When I became the principal of West Craven High School, a rural school in North Carolina, I realized that only 30 percent of my students attended college after graduation. As a principal, I’m concerned with every student’s success after graduation, and an uncertain future for 70 percent of them concerned me and my staff. As a result, we made the career and college promise a reality. (more…)
Guest post by Renee Trotier
One of our recent Rockwood Summit High School (RSHS) graduates came back for a visit after a few months of college. His observation was that the course content was not a problem, but the most important aspect for success in college was actually time management.
The conversation stuck with me because I learned this same lesson the hard way (more…)
Guest post by Tommy T. Welch
In last week’s post, I described how Meadowcreek High School (MHS) has partnered with local and national businesses to develop a robust program of paid internships that are enhancing student learning and long-term curriculum development. Of course, this did not happen overnight. It took years of effort from hundreds of people all working toward a common goal. But I am absolutely confident that other communities can replicate our success. (more…)
Guest post by Tommy T. Welch
One of the main functions we perform in education is preparing our students for entering the workforce. But how do we know if we are succeeding? Traditional assessments tend to focus on achievement up to high school graduation but not after. There are numerous articles and studies out there that explore how curricula need to change to equip students with the skills necessary for 21st-century jobs. At Meadowcreek High School, we have taken a slightly different approach by partnering directly with local and national businesses to give students hands-on experience through paid internships. By approaching businesses as authentic knowledge partners rather than just taxpayers, donors, or sponsors, we have enlisted their expertise and experience in the process of preparing our students for productive careers and lifelong learning. (more…)
Learn How to Influence Your Elected Officials at the National Principals Conference!
As a principal, you are already your school’s lead spokesperson in your community. Have you ever considered taking that responsibility even further by contacting your government officials to advocate on behalf of your school? If so, then join us in Philadelphia on July 9–11 at the National Principals Conference, the first-ever joint conference for Pre-K through grade 12 school leaders, hosted by NASSP and the National Association of Elementary School Principals. (more…)
Be Sure to Register for the National Principals Conference!
Do you want to be a part of the largest gathering of elementary and secondary school principals in the nation? Then join us for the first-ever joint National Principals Conference, hosted by NASSP and the National Association of Elementary School Principals, July 9–11 in Philadelphia. (more…)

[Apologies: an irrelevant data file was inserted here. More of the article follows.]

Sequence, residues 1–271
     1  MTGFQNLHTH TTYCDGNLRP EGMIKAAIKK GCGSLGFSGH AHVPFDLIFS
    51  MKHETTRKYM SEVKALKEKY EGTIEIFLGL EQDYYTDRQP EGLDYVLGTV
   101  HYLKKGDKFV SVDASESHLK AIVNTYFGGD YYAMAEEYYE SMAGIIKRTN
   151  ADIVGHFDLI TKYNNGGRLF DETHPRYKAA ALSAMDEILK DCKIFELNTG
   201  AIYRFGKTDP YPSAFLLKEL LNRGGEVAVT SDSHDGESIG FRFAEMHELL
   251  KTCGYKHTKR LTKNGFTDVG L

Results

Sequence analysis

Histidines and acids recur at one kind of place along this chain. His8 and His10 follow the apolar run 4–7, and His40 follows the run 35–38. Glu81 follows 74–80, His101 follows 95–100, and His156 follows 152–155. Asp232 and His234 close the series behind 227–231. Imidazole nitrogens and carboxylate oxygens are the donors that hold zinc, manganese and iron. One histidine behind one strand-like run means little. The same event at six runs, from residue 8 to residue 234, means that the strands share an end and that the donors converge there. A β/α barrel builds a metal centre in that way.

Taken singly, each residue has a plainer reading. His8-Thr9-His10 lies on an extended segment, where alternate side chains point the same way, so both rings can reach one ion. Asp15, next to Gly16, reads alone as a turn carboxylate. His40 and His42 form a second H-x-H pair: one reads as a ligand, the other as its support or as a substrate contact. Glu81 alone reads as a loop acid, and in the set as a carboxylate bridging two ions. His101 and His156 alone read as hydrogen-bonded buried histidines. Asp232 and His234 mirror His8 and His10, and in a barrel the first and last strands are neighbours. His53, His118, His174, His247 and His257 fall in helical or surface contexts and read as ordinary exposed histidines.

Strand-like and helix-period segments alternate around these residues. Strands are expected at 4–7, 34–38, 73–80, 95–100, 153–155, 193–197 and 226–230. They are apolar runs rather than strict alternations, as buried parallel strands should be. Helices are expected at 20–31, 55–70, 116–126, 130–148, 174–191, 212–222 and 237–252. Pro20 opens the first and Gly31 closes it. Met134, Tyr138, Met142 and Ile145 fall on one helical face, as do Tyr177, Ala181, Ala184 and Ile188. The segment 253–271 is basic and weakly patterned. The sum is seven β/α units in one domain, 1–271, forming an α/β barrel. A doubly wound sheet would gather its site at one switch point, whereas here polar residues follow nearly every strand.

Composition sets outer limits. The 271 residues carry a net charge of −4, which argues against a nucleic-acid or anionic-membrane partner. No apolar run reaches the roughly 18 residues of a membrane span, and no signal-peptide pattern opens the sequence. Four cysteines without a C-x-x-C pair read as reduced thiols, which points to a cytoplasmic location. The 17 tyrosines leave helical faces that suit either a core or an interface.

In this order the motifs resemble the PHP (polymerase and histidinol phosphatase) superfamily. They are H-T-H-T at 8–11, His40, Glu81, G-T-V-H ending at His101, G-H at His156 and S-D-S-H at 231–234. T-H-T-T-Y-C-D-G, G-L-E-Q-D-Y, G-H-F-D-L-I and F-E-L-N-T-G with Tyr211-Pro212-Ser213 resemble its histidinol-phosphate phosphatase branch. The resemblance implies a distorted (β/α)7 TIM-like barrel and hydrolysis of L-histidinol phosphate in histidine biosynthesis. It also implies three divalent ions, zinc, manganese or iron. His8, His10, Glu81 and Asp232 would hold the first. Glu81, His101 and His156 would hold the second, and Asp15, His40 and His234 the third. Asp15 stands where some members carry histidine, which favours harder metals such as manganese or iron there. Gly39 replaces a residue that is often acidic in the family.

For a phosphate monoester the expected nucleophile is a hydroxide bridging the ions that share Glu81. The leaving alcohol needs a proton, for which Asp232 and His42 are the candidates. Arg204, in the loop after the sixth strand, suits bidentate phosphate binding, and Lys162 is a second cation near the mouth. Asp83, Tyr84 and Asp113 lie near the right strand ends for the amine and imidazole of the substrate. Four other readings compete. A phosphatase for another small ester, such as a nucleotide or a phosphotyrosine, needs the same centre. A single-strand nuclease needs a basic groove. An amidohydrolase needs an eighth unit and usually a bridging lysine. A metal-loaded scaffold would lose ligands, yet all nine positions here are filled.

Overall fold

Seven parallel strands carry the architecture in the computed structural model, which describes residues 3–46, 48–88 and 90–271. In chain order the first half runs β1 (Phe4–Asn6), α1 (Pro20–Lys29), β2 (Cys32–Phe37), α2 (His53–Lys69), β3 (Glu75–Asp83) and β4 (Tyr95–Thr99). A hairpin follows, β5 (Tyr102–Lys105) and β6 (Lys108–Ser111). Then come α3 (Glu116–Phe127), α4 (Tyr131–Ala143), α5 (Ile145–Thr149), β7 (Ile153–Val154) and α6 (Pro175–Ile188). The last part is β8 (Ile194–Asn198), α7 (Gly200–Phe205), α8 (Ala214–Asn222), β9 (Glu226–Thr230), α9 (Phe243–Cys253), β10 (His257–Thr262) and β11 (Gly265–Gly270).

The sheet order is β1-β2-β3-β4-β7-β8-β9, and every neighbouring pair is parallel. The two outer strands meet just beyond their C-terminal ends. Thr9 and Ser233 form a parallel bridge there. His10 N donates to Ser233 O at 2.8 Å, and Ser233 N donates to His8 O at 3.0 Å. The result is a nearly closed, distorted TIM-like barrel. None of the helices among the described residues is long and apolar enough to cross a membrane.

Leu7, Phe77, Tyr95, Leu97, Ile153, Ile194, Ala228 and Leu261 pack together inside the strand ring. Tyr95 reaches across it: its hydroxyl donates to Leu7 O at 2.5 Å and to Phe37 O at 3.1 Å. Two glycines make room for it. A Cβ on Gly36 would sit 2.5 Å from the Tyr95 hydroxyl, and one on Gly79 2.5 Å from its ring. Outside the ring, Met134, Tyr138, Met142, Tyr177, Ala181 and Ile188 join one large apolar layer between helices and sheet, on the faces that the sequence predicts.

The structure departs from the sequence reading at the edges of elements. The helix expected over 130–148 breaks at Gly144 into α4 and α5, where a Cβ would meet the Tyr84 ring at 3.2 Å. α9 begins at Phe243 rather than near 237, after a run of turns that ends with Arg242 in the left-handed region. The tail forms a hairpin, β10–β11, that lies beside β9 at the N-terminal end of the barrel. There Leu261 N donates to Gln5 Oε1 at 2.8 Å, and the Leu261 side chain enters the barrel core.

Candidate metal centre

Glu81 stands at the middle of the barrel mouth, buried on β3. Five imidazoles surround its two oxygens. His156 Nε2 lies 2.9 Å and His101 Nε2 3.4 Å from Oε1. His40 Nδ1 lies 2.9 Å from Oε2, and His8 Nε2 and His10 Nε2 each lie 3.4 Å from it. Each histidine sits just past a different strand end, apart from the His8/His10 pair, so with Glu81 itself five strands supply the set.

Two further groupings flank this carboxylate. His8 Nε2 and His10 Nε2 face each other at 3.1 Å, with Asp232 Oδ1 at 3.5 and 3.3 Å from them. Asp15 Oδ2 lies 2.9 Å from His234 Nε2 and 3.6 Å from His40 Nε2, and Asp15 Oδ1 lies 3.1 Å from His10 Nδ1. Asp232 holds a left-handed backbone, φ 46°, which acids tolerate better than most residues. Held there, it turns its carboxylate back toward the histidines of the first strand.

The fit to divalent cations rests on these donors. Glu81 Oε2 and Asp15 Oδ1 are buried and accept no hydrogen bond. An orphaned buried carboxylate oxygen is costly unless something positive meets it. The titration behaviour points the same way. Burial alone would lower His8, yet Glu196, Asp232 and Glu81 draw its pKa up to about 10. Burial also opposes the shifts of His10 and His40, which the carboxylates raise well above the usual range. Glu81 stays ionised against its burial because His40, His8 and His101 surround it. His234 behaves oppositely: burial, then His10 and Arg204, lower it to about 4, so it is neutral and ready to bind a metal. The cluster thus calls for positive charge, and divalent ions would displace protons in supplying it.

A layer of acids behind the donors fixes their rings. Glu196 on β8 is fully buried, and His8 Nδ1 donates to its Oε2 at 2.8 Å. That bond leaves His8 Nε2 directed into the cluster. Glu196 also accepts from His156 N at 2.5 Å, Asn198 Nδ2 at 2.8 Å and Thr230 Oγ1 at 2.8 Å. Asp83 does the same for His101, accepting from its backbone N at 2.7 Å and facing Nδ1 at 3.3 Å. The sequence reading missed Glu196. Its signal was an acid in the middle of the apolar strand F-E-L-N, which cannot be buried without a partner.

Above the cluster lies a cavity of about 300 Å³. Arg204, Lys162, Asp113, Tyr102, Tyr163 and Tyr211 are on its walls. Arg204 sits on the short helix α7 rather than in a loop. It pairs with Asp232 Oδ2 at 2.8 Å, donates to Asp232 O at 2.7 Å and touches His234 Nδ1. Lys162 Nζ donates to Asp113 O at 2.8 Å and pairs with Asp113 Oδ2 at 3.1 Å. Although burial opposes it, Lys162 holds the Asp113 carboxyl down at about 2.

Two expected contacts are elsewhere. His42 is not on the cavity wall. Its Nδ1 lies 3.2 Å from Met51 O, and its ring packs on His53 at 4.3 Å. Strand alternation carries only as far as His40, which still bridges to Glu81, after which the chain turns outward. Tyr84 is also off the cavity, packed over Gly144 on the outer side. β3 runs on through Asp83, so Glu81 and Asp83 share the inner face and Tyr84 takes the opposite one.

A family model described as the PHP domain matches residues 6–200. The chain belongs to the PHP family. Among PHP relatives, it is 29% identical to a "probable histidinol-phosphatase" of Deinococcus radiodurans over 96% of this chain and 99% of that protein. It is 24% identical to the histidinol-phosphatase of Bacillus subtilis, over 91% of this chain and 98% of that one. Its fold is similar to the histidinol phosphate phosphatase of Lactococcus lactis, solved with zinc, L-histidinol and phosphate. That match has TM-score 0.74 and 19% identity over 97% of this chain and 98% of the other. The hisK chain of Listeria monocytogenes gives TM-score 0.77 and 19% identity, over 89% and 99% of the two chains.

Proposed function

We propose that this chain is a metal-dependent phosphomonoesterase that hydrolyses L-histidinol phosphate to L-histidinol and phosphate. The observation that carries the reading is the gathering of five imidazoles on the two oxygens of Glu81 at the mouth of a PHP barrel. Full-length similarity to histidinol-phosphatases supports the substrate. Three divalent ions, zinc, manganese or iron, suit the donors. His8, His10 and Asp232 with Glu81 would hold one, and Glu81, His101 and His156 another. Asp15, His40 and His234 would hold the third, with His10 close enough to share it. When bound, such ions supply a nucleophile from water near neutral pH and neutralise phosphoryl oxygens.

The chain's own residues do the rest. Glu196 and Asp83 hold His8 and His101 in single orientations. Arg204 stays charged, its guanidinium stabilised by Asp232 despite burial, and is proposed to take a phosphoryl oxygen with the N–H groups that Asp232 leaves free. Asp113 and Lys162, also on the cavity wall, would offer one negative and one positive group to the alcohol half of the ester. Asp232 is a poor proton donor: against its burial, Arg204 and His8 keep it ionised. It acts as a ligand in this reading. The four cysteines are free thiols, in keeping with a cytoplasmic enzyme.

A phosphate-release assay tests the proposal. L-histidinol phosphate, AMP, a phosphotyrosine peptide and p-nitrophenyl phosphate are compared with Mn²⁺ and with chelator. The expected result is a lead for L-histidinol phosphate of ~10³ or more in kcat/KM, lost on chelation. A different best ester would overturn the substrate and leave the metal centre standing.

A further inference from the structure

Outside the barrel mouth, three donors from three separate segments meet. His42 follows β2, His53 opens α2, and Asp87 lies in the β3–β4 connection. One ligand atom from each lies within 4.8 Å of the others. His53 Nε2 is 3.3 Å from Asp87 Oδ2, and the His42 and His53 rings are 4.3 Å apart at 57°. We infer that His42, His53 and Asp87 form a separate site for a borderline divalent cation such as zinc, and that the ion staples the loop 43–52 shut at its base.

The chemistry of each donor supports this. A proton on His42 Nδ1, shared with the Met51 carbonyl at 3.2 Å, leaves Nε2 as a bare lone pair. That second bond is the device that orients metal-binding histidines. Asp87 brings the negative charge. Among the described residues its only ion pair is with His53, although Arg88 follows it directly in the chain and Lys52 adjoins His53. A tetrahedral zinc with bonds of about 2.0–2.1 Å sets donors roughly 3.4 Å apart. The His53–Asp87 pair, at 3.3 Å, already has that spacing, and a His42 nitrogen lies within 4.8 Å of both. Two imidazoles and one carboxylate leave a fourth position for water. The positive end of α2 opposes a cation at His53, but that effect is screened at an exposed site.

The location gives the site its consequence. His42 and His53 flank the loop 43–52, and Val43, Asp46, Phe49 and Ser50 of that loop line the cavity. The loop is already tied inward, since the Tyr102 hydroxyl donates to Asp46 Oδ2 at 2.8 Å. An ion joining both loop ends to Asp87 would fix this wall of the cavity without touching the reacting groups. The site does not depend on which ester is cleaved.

Guest post by John Carder
“Oh, who are the people in your neighborhood? In your neighborhood? In your neighborhood? Say, who are the people in your neighborhood? The people that you meet each day.”
We can all learn a lesson or two from Sesame Street. It reminds us about the importance of getting to know the people and community around us. Establishing relationships with community partners and businesses has become an integral component of the educational experience for students at Marion Harding High School in Marion, OH. (more…)
Guest post by William Parker
On June 21 and 22, 2016, the National Association of Secondary Principals hosted its Advocacy Conference in Washington, D.C.
School leaders from across the country descended upon Capitol Hill as well as heard presentations from experts in advocacy, leadership, and federal policies that affect schools. As a state coordinator for NASSP, I joined Clay McDonald—middle school principal from Piedmont, OK, and president-elect of the Oklahoma Association of Secondary Principals—for the two-day conference and Hill visit. (more…)
A decade after Congress last reauthorized the Carl D. Perkins Career and Technical Education (CTE) Act, the House Education and the Workforce Committee unanimously approved the Strengthening Career and Technical Education Act (H.R. 5587) on July 7.
“Today, we’ve taken another important step to ensure every American has access to the skills and education they need to compete in the workforce,” said Chairman John Kline (R-MN). “Career and technical education has placed countless individuals on the path to success, and this bipartisan legislation will empower more individuals to follow that same path.” (more…)
NASSP Holds Student Briefing on Capitol Hill
The newly founded NASSP Student Leadership Advisory Committee held its first public event last Tuesday on Capitol Hill. Two student members, a teacher, and a principal were featured at the briefing titled “Technology in Schools: Student, Teacher, and Principal Perspectives.” Check out the Storify of the event featuring tweets and photos taken by committee members. Stay tuned to the School of Thought blog for more perspectives on the event from committee members.
Inside the Beltway (more…)